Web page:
All Eyes On Enceladus

2 03 2010

Here’s the new awesomeness:

[click to huge-ify]

This image shows water-ice geysers erupting on Enceladus, a moon of Saturn.  It was taken by the Cassini spacecraft on a close flyby back in November, so obviously I’m behind everyone else on this.  The pass was only 1000 mi above its surface, revealing some pretty spectacular stuff — like these geysers.

Enceladus has been known to have these kinds of geysers for a while, but this pass confirmed 30 of them total.  And what you’re looking at in this image is them spewing water all the way into space!

I’ve always been fascinated by Enceladus because of the mix of elements you can find there.  It’s one of those places in the solar system that could has the slightest of chances of being able to harbor primitive life.  I’m really looking forward to future reports of the molecular makeup of this material.

Check out more about Cassini’s mission at




5 responses

2 03 2010

Beautiful. I’ve always loved Titan and Europa (the latter seems to be a pet of every ‘astrobiologist’ on Earth. Maybe some not on Earth?)

3 03 2010

How much of an atmosphere does it have / how high above the surface does “space” start?

3 03 2010

It doesn’t have much of an atmosphere at all, and something like 9/10ths of it is water vapor. Titan’s atmosphere is reminiscent of Venus, and I don’t believe Europa has a substantial atmosphere either.

But with Europa and Enceladus, there might be subterranean (subglacial may be a better term) pressurized oceans, and both moons reflect active tectonics.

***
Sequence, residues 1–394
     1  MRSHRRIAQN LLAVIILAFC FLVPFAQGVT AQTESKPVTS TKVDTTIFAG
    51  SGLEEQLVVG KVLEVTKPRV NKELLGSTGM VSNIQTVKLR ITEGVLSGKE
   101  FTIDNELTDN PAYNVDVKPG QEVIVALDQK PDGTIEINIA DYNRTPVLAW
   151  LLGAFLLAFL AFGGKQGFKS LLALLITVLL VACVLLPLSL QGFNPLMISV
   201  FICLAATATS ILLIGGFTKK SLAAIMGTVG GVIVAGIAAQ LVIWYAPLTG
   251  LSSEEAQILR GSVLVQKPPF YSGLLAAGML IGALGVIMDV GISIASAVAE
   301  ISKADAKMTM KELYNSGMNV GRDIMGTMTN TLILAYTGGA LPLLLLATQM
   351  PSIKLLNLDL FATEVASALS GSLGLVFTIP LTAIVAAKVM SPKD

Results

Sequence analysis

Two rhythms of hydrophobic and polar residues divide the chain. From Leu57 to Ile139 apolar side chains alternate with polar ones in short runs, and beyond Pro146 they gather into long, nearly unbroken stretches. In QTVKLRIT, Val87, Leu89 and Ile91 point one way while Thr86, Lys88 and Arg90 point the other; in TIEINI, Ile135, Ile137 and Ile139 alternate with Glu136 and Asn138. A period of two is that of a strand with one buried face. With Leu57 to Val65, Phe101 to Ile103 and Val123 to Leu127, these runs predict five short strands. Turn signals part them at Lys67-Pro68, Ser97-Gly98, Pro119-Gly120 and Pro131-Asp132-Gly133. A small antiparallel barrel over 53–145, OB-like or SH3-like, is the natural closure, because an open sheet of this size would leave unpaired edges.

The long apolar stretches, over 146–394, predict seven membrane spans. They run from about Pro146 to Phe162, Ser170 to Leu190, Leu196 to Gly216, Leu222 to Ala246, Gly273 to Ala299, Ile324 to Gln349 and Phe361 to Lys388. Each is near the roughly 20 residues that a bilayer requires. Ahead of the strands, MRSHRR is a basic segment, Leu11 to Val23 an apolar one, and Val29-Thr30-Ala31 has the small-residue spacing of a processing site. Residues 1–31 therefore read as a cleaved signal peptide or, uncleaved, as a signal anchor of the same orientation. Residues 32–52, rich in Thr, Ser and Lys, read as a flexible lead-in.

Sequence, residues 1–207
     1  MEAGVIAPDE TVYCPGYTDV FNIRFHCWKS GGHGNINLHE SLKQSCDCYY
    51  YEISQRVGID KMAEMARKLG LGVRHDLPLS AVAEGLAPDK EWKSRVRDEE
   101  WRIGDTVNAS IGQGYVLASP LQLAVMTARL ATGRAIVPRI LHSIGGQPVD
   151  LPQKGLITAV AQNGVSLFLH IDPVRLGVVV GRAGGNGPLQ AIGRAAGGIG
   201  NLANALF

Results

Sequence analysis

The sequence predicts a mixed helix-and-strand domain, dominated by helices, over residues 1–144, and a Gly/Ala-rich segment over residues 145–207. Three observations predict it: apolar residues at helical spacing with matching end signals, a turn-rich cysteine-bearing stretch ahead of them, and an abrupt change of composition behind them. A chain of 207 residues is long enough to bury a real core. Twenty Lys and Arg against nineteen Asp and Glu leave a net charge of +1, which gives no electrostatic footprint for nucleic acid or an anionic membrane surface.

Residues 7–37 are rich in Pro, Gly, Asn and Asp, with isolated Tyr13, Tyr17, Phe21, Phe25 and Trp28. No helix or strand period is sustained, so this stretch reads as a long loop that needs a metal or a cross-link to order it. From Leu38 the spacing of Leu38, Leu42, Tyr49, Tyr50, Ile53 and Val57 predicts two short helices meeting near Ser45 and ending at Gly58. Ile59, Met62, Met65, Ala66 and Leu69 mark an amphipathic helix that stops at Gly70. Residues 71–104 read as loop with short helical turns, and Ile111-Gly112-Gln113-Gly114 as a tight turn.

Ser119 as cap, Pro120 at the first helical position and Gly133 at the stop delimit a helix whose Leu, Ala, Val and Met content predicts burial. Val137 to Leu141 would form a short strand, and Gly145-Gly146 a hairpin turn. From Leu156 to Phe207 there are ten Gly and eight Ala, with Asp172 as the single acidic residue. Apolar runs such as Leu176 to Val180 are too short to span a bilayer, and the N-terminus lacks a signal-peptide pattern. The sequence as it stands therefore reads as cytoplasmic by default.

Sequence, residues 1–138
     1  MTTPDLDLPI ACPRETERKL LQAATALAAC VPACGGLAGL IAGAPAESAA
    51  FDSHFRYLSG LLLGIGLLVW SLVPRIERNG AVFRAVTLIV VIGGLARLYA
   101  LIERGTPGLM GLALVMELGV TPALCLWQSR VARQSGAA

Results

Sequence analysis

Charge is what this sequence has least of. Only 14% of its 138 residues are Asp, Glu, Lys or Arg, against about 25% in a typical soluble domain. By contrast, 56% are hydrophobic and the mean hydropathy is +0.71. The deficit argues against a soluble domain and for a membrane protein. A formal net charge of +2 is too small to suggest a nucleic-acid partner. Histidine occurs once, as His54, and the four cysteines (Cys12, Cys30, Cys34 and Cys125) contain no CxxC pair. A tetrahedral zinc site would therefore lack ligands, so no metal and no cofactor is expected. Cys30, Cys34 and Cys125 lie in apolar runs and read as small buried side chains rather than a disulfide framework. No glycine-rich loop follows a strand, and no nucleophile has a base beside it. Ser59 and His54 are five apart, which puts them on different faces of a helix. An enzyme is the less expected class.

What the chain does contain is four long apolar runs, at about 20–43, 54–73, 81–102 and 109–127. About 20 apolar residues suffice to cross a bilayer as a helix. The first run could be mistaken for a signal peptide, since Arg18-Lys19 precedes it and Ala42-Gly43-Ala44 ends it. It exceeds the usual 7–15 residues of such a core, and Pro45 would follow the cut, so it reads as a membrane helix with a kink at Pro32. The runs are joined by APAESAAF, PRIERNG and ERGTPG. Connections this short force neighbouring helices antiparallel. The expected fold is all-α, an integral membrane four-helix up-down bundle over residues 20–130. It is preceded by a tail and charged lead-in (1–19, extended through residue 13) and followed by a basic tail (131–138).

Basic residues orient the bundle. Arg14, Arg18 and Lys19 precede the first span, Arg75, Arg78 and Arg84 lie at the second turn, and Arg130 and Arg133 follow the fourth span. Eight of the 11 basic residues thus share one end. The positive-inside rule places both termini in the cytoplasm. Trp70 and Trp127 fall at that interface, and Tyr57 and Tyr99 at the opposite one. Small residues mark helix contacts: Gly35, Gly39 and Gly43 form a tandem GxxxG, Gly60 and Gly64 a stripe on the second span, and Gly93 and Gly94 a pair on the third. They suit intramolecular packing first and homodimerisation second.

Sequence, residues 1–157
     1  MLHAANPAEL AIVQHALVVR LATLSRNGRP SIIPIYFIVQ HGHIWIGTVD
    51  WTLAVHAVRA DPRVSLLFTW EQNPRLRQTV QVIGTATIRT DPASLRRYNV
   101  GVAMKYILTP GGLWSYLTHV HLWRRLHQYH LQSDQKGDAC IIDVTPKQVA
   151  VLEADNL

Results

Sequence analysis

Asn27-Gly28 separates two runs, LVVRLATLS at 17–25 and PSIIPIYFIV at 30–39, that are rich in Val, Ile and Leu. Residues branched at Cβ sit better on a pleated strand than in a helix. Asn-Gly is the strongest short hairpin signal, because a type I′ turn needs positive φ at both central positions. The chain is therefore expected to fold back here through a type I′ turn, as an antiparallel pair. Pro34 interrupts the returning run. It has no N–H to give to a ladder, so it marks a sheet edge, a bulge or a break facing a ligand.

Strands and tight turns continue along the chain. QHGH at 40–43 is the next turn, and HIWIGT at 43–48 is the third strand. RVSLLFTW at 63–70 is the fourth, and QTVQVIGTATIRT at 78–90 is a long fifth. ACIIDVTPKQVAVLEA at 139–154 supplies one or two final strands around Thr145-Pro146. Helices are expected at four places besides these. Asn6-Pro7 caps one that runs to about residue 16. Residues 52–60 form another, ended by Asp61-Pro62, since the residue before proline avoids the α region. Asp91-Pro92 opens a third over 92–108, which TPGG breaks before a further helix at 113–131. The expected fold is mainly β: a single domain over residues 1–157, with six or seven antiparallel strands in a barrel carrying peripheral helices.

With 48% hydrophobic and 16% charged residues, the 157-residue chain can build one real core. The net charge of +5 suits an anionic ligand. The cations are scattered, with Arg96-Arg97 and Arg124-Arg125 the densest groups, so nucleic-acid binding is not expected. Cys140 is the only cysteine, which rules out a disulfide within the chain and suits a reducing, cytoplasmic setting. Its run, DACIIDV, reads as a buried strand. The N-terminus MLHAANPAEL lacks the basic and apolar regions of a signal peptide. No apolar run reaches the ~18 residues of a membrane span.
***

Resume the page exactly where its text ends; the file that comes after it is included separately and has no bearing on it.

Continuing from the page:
3 03 2010

Well, I wouldn’t exactly think of Venus when talking about Titan. Those two are very different in composition, climate, and thickness.

Enceladus does have a tenuous atmosphere that isn’t sustainable without constant replenishment because of its low gravity. It’s actually a pretty small rock… only 500km in diameter. That’s 1/7 of the Moon’s and 1/23 of the Earth’s. Or, to put it another way, it’s only as wide as the state of Arkansas!

The fact that it was discovered as early as it was can only be attributed to its high reflectivity. Almost all the light that falls on it is reflected back into space. That means that the sun has practically no impact on heating the surface or the interior. How the water under its surface is being warmed is still a mystery.

4 03 2010

Too right about my Venus comparison.

I really like the idea of active volcanism and tectonics on moons. It must just be chauvinism, seeing our moon and thinking that other moons must be similar to it. But it’s still fascinating to me.

Also I had no idea Enceladus was that small. I guess the first thing that comes to mind for me when thinking of alien moons is the image of the giants of Titan and Ganymede, rather than the reality that most of the moons of other planets are actually itty bitty (well, comparatively. I doubt anyone would say that a ball of rock the size of Arkansas is “itty bitty” unless talking on that sort of scale).

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